Mariann Yeager, CEO of the interoperability leader The Sequoia Project, says Sequoia saw that the information blocking rules would be complicated and central to policy. The organization started a group to cover the evolution of the rules, even before the federal government proposed a rule, and it has been busy “unpacking the practical implications of it,” ever since.
“We knew the industry would need credible information looking across the healthcare ecosystem,” Yeager says. Sequoia has recently offered bootcamps to provide a deep dive in a structured way. They help attendees understand the rule, the anticipated enforcement, the exceptions and prepare for compliance. “We do this as part of a public good,” but there’s one more benefit, in that it responses and comments during those events aid the organization in giving feedback to regulators. With its first two bootcamps, Sequoia fielded some 1,500 questions, distilled them into a compelling list of Frequently Asked Questions, highlighting where there was confusion and sent it to ONC. A lot of the answers were found in ONC’s responses to those questions that the agency published as its own FAQ, Yeager says.
Applying Rules is the Key
In the long run, understanding these rules is situation-specific. “How do you apply this complex set of rules and make sure you’re clear on what the obligations are?” Yeager asks. Like Burchell, she would like to see specific guidance that informs organizations on allowable instances in which information sharing is not required.
The College of Health Information Management Executives (CHIME) has been working on getting some of its questions answered for its members, typically top HIT execs in healthcare organizations, said Andrew Tomlinson, director of federal affairs at CHIME. The organization would like to know what constitutes a request for information. Currently the regulation's text indicates that organizations don’t have to make data proactively available to patients, but you can’t delay giving information when it's requested. If the information is going to a portal, is that a request? If the data does not exist or is not available for access, is that going to be considered a delay?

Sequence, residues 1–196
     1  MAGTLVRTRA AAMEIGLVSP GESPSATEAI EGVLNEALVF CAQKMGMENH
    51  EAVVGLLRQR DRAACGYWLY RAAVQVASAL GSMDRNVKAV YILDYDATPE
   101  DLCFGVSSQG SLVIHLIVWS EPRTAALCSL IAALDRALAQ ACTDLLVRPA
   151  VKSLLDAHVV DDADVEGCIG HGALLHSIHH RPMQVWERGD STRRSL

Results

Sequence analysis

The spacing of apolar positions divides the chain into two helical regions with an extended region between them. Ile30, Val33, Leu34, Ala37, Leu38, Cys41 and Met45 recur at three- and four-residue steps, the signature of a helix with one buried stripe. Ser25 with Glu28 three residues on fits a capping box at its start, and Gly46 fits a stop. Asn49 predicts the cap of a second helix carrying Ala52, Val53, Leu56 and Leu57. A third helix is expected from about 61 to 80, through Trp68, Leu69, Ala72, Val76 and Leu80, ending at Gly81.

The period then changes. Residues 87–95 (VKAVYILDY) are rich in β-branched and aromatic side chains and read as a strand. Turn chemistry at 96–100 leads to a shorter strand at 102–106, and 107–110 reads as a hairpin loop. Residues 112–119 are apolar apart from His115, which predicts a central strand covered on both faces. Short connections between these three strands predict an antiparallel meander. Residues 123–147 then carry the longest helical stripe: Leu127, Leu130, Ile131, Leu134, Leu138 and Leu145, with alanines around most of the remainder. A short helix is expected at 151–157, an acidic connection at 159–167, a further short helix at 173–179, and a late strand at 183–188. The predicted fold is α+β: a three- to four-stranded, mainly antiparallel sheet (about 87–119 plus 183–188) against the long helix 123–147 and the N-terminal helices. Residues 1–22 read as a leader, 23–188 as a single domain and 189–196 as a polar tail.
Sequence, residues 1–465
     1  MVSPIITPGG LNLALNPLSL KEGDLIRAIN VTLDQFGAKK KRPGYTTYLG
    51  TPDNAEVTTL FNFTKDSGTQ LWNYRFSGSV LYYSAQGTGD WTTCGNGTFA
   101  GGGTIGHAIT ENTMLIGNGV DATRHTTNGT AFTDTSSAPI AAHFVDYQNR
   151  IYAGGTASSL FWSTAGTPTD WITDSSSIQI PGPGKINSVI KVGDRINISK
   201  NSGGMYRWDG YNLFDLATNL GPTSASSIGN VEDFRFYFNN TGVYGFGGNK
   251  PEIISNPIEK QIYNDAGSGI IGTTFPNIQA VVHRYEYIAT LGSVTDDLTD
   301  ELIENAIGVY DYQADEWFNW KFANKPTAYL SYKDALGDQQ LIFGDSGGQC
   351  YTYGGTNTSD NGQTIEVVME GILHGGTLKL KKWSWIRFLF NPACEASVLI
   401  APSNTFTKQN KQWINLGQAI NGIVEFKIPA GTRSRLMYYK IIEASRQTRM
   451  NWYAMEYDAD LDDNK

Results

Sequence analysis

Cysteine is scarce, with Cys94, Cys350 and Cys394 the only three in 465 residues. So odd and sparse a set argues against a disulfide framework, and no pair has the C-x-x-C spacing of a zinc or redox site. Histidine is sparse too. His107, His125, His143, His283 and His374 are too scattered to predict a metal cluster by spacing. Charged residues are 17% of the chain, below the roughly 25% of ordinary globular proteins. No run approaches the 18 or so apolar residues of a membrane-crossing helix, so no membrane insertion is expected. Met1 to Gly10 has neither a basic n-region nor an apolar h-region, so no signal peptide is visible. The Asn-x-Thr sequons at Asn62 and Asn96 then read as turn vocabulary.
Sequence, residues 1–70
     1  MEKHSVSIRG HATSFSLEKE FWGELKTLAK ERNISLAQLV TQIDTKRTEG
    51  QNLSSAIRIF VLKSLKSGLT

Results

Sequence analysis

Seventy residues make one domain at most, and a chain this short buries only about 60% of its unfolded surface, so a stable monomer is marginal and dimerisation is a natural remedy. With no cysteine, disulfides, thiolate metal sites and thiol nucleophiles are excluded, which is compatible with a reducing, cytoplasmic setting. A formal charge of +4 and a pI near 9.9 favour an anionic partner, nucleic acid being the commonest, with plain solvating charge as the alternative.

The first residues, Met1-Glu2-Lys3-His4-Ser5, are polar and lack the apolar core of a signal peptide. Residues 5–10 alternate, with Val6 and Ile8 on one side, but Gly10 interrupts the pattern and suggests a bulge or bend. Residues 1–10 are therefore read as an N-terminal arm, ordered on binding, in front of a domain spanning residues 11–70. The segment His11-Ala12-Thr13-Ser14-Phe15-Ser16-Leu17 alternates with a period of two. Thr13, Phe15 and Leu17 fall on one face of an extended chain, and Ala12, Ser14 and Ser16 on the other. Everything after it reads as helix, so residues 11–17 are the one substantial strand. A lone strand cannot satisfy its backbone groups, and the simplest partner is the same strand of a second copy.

Timing is also an issue, says Tomlinson. In a recent survey of its members, CHIME focused on the impact of COVID-19, with 75 percent of respondents reporting they were concerned about their ability to meet future information blocking requirements as a result of resource constraints related to the pandemic response.
“The laws have taken effect, so that’s locked in,” Tomlinson says. “What we would like right now is more certainty. For example, when will penalizing begin? It’s hard to plan and prepare without knowing those dates. It’s difficult for our members to juggle on the IT side; there are so many moving targets.”
Healthcare attorney Steve Gravely says he’d wager that “the vast majority of the industry” hasn’t been paying much attention to this rule yet. But, on the other hand, “wide swaths of the healthcare industry are very tuned in”—particularly HIEs, vendors and large health systems. Physicians and rural hospitals are less aware of the impending impact. Providers such as clinical labs, imaging, dieticians and social workers all will have to comply, all with varying resources to make system or workflow changes to adequately comply with incoming data requests in a timely manner.